Top hiring trends: Multi-asset skills are paying off

AsianInvestor is looking at the most important hiring and staffing themes of the year so far. Today, we look at the growing demand for multi-asset talent and how it is pushing salaries up.
Top hiring trends: Multi-asset skills are paying off

The pace of multi-asset hiring in Asia showed no signs of slowing last year as demand picked up for solutions specialists—those who can discuss customised mandates with clients rather than simply push existing products.

Salary rises of up 40% were being offered for executives to move, AsianInvestor has heard. Recruiters expect this to remain a major trend throughout 2018 too.

In recent years interest has steadily risen in dynamic asset allocation strategies incorporating stocks and bonds (and sometimes more niche instruments), with a focus on stable returns and regular income. Mandates for real return, absolute return and total return became ever more commonly requested. Traditional ‘balanced’ funds now seem hugely outdated.  

Many global asset managers operating in Asia—as well as numerous homegrown players—either expanded or started building multi-asset teams in the region last year.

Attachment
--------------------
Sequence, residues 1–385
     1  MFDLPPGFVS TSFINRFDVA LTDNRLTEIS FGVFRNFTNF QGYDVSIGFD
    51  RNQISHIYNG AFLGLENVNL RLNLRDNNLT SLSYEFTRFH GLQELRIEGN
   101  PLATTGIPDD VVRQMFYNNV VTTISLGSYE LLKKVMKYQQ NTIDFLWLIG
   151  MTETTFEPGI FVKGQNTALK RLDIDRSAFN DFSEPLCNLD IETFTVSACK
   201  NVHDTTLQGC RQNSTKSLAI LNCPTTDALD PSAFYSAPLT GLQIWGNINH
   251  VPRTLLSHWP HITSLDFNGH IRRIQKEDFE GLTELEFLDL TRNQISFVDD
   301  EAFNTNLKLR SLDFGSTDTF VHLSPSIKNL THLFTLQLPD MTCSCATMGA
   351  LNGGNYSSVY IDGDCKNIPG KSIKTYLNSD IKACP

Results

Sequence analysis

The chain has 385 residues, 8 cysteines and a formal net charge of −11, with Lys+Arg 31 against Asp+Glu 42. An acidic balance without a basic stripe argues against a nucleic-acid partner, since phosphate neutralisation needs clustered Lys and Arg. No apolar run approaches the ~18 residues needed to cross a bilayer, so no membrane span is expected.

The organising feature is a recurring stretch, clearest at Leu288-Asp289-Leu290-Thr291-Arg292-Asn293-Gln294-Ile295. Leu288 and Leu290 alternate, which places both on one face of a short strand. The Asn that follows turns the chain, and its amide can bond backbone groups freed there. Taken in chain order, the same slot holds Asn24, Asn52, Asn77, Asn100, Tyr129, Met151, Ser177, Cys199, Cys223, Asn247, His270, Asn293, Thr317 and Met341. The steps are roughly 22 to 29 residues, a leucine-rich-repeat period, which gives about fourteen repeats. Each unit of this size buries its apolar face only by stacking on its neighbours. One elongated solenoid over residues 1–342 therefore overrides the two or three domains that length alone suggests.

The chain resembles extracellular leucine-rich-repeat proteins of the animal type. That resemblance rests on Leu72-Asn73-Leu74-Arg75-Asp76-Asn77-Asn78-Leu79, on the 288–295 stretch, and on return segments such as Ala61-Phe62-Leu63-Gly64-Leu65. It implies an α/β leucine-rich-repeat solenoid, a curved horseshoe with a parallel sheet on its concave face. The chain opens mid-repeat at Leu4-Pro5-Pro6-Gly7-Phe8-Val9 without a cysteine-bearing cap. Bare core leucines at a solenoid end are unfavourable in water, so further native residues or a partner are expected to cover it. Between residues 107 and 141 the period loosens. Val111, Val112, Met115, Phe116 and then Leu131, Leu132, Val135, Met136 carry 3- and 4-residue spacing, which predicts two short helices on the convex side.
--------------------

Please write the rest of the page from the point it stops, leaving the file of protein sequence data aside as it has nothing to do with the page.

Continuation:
New movers in Asia included US firm T. Rowe Price and Swiss house Pictet Asset Management. Andy Wong became the latter’s first Asia-based multi-asset specialist, while T. Rowe poached Thomas Poullaouec from State Street Global Advisors in September as its first Asia-Pacific head of multi-asset solutions. The list of other firms recruiting in this area was long and included Aberdeen, Allianz Global Investors, Fidelity, Fullerton Fund Management, Schroders and UBS Asset Management.  Asset owners, too, have been focusing more in-house resources on asset allocation.

The new CIO at Singapore insurer Great Eastern Life, Wee Ai Ning, is a multi-asset specialist, having worked at both hedge fund Tudor Capital and sovereign wealth fund GIC. She joined the insurer in September last year.

Meanwhile, the Hong Kong Monetary Authority in April named Martin Matsui as its sole head of asset allocation. The role had been combined with oversight of the direct investment division previously under Christopher Chan, who is now solely head of direct investment. Multi-asset investing looks well established in Asia—and set to gain further traction.

This is the penultimate part of a five-part series on key hiring trends in the industry. So far AsianInvestor has also highlighted the hunt for Chinese talent, the growing demand for technology expertise and a string of changes at the region's insurers.

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